Mike Wiest

mwiest@wellesley.edu

(781) 283-3301
Neuroscience
B.A., Dartmouth College; M.S., Ph.D., Michigan State University



Michael Wiest
Assistant Professor of Neuroscience

Mission: to determine the distributed neural correlates of perception.


I’m interested in the physical basis of consciousness. What is it about the matter in a living brain that makes it experience perceptions, feelings, and thoughts? A first step in the neuroscientific approach to this perplexing question is to relate the activities of neurons to different mental states. My research focuses on sensory integration in rats, attempting to understand how neural activity in different parts of the brain gets combined or coordinated to generate a single coherent perception. Because we can only infer mental states in rats from their behavior, I record electrical impulses from many neurons at once while the rats perform behavioral tasks that depend on correctly sensing particular stimuli. Understanding the neural mechanisms of perception could lead to insights into human disorders that disrupt normal perceptual integration, such as Alzheimer’s disease, dyslexia, or attention deficit disorder.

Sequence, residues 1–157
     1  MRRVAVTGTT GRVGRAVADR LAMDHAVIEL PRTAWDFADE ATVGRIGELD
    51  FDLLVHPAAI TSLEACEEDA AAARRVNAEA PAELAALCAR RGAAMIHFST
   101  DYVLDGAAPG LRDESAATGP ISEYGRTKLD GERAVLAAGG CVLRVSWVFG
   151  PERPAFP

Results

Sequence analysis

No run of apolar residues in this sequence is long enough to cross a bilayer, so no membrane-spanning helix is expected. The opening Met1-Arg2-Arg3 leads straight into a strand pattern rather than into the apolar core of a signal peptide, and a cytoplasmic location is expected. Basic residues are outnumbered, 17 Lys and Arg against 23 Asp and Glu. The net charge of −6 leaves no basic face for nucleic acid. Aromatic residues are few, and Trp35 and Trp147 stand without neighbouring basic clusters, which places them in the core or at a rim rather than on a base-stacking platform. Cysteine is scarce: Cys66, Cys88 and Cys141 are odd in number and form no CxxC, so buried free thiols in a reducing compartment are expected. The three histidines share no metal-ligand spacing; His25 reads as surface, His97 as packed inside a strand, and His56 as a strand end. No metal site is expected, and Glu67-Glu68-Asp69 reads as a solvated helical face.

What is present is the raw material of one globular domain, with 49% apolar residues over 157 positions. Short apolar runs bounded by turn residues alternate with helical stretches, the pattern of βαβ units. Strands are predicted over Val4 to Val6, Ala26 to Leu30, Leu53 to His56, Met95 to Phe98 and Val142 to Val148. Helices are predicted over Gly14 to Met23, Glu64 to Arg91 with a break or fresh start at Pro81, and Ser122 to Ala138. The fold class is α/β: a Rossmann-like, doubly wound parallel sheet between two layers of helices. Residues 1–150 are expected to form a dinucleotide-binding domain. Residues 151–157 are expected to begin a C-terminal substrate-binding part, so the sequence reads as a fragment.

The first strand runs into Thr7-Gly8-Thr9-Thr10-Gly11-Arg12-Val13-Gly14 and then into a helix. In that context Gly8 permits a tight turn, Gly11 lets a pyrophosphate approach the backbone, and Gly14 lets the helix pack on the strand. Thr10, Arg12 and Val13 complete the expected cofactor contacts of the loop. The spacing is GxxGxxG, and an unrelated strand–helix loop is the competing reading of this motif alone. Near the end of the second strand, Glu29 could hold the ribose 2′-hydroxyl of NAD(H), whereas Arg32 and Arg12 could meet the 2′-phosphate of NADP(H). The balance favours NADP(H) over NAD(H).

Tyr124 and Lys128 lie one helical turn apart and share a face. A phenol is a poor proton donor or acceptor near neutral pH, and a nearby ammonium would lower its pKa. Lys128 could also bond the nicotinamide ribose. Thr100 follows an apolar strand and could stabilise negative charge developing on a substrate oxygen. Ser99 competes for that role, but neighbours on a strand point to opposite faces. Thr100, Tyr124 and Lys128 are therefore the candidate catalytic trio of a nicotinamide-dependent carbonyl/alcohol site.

In Neurons, Networks, and Behavior, we discuss the neurophysiology of learning and memory, sensory and motor systems, disorders of the nervous system such as Parkinson’s and Alzheimer’s diseases, and end with a focus on sleep, attention, and consciousness. In the lab we experience important neuroscientific methods, such as staining and slicing brains for histological analysis, and extra- and intra-cellular electrophysiological recordings in crayfish. Recently we have been excited to incorporate a rabbit model of Alzheimer’s disease into the neurochemistry portion of the lab. In Computational Neuroscience, we learn how mathematical modeling and computer simulation can provide insight into the brain’s impressive functions. Along the way we learn Matlab, a powerful but user-friendly computing language. I’ve also enjoyed teaching the NEUR 100 practicum—sheep brains!—and our capstone special topics seminar (NEUR 300).

I recently published a study of learning-related changes to tactile sensory responses in rat cortex in collaboration with Eric Thomson and Miguel Nicolelis at Duke University. I’m also pursuing a computational modeling approach to color perception using Bevil Conway’s neural data from monkeys observing sets of colored stimuli.

I also like to practice aikido, play rock-and-roll guitar, and go on backpacking trips.